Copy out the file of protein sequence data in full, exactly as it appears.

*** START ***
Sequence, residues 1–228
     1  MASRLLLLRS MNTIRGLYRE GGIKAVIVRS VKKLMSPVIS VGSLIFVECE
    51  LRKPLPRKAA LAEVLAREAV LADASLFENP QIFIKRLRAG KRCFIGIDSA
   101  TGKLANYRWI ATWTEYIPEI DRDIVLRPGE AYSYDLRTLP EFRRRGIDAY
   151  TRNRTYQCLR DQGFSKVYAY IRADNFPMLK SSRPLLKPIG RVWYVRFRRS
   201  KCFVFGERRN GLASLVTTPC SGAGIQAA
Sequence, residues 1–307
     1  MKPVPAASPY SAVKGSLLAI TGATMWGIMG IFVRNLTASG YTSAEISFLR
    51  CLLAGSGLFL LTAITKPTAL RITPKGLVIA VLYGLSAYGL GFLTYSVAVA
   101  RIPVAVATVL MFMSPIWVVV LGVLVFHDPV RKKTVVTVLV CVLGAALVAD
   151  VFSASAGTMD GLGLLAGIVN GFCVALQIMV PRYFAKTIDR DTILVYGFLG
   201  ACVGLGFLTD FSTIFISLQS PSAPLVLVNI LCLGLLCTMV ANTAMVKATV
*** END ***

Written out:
Sequence, residues 1–228
     1  MASRLLLLRS MNTIRGLYRE GGIKAVIVRS VKKLMSPVIS VGSLIFVECE
    51  LRKPLPRKAA LAEVLAREAV LADASLFENP QIFIKRLRAG KRCFIGIDSA
   101  TGKLANYRWI ATWTEYIPEI DRDIVLRPGE AYSYDLRTLP EFRRRGIDAY
   151  TRNRTYQCLR DQGFSKVYAY IRADNFPMLK SSRPLLKPIG RVWYVRFRRS
   201  KCFVFGERRN GLASLVTTPC SGAGIQAA
Sequence, residues 1–307
     1  MKPVPAASPY SAVKGSLLAI TGATMWGIMG IFVRNLTASG YTSAEISFLR
    51  CLLAGSGLFL LTAITKPTAL RITPKGLVIA VLYGLSAYGL GFLTYSVAVA
   101  RIPVAVATVL MFMSPIWVVV LGVLVFHDPV RKKTVVTVLV CVLGAALVAD
   151  VFSASAGTMD GLGLLAGIVN GFCVALQIMV PRYFAKTIDR DTILVYGFLG
   201  ACVGLGFLTD FSTIFISLQS PSAPLVLVNI LCLGLLCTMV ANTAMVKATV